CBN Freezes Some Fintech Firms’ Accounts, Raising Concerns About The Future of Nigerian Startups

CBN Freezes Some Fintech Firms’ Accounts, Raising Concerns About The Future of Nigerian Startups

The Central Bank of Nigeria (CBN) has secured a court order to freeze the accounts of some fintech companies for 180 days. The Federal High Court in Abuja granted the prayer of the apex bank to put the financial activities of the investment firms on hold pending the conclusion of its investigation into their alleged forex misconduct.

The companies include Rise Vest Technologies Limited, Bamboo Systems Technology Limited, Bamboo Systems Technology Limited OPNS, Chaka Technologies Limited, CTL/Business Expenses, and Trove Technologies Limited.

The court document reveals that the financial regulator is investigating ‘illegal foreign exchange transactions’ by the affected companies, which is weakening the naira.

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In the motion ex parte marked FCH/ABJ/CS/822/2021 and filed at the High Court on August 4, CBN through its counsel Michael Kaase Aondoakaa, submitted that “the investigation being carried out concerns what has been discovered to be serious infractions by the defendants/respondents in connection with some foreign exchange transactions, and non-documentation by the defendants/respondents in violation of the extant laws and regulations, particularly the Foreign Exchange (Monitoring and Miscellaneous Provisions) Act and the Central Bank of Nigeria foreign exchange manual.

“That more specifically, there is a grave allegation that the defendants/respondents are engaged in illegal foreign exchange transactions, accessing/procuring of foreign exchange via their banks from the Nigerian foreign exchange market via several bureau de change, international money transfer operators and have transferred cash deposit of more than S10,000.00 (Ten thousand dollars) to various accounts overseas contrary to provisions of extant laws and regulations and also traded in foreign securities and cryptocurrencies in contravention to CBN Circular referenced TED/FEM/FPC/GEN/01/012 and BSD/DIR/PUB/LAB/014/001, dated February 5, 2021, and July 01, 2015.

“It is evident that Rise Vest Technologies Limited, Bamboo Systems Technology Limited, Chaka Technologies Limited and Trove Technologies Limited are complicit in operating without a license as asset management companies and utilizing FX sourced from the Nigerian FX market for purchasing foreign bonds/shares in contravention of CBN’s directive.”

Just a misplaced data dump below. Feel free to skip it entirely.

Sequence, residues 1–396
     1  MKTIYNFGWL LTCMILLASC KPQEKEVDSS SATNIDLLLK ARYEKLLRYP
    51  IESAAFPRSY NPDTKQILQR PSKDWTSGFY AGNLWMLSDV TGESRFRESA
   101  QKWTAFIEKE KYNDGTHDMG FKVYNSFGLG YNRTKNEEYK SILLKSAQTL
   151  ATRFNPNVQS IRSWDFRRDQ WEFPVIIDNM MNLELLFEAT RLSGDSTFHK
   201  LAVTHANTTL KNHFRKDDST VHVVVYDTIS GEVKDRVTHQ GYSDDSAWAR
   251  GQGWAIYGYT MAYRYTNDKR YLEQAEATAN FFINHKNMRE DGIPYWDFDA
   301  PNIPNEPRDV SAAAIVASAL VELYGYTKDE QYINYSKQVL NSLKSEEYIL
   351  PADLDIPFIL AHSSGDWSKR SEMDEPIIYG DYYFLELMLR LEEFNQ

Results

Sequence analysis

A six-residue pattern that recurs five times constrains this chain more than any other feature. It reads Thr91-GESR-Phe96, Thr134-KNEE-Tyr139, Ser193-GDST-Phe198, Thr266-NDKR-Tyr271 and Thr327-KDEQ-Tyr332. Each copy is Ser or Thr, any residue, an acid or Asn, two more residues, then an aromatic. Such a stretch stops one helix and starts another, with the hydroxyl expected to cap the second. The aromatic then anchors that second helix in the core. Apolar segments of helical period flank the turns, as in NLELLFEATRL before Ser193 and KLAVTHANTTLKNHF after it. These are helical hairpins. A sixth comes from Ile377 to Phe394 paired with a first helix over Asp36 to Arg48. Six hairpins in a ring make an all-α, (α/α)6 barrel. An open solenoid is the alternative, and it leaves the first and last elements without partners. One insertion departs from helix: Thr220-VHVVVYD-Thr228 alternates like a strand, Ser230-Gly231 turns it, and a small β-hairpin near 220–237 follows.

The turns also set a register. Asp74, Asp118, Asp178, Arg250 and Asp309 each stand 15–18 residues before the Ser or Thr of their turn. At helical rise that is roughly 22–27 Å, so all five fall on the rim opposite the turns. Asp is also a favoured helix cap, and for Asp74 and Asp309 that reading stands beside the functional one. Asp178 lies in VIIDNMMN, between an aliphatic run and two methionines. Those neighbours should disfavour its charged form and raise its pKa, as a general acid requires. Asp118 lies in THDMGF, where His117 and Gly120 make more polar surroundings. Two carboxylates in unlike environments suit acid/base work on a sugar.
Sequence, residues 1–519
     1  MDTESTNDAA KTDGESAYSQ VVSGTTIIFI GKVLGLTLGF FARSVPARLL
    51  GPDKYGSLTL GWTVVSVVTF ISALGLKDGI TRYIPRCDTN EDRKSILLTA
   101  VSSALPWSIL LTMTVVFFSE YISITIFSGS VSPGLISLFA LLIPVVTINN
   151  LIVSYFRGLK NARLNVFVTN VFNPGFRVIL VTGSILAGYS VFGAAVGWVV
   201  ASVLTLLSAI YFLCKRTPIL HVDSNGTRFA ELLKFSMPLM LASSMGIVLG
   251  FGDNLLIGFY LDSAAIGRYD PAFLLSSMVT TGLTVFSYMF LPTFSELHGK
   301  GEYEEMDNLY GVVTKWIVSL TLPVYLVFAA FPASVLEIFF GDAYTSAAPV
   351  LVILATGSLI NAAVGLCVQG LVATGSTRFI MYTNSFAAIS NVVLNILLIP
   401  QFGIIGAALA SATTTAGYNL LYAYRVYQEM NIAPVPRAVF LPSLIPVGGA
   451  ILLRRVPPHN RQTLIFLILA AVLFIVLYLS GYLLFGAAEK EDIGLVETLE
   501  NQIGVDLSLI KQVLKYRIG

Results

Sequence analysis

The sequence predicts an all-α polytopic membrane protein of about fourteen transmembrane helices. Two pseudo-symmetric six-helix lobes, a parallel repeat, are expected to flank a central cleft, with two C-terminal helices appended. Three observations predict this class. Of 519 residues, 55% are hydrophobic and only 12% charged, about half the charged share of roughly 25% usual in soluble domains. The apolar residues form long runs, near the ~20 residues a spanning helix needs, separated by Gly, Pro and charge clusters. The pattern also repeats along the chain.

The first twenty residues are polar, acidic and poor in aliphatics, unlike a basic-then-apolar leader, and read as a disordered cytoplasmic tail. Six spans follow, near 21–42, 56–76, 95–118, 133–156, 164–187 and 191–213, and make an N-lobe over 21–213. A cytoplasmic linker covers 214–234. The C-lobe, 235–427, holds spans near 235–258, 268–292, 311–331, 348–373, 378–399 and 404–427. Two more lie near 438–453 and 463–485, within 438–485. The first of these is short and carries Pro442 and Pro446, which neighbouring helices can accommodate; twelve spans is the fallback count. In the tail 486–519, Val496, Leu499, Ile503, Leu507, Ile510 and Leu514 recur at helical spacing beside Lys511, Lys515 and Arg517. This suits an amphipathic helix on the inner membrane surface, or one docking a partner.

In his ruling, Ahmed Mohammed said: “Having listened to senior counsel to the applicant, on the motion ex parte filed in August, it is granted as prayed.”

He added that anyone who feels aggrieved about the freezing order is entitled to approach the court within the period to seek redress while the matter was adjourned to February 20, 2022, for hearing.

In response to this development, one of the affected fintech firms, Risevest, said its operation will not in any way be affected by the court order.

“With regard to the latest news about us and our FX dealings, you can be sure that your investments and funds are safely managed, that funding and withdrawals will continue to be processed as normal, and that all our US operations remain intact.

“We will work with regulators, as we always have to ensure that all issues raised are properly addressed. However, this does not affect our users’ investments, which are managed by regulated third parties in all jurisdictions in which we operate,” Rise said in a statement.

Chaka, an asset management firm, which recently secured license from Nigeria’s Securities and Exchange Commission (SEC), was among the affected companies, increasing the concern that the development has ignited.

There is increasing concern that regulatory decisions of watch dogs in the Nigerian tech ecosystem is killing innovation and spooking investors. A reference point is the proposed National Information Technology Development Agency (NITDA) bill that has been heavily criticized that it would spell doom for startups if it becomes law.

The Nigerian fintech industry has witnessed unprecedented growth, defying the strains of the pandemic, offering the country hope of economic growth in the near future. It is believed that the bountiful future prospects of the fintech industry is being threatened by regulations.

A six-month embargo on the companies’ account for alleged offenses has been criticized as harsh and unprogressive, as it follows the pattern the CBN displayed against End SARS protesters, whose bank accounts were frozen for months on unfounded allegations of terrorism.

While regulation is necessary to stabilize Nigeria’s young fintech sector, the regulators have been urged to adopt solution-based approaches in handling regulatory issues involving the companies, especially innovative startups.

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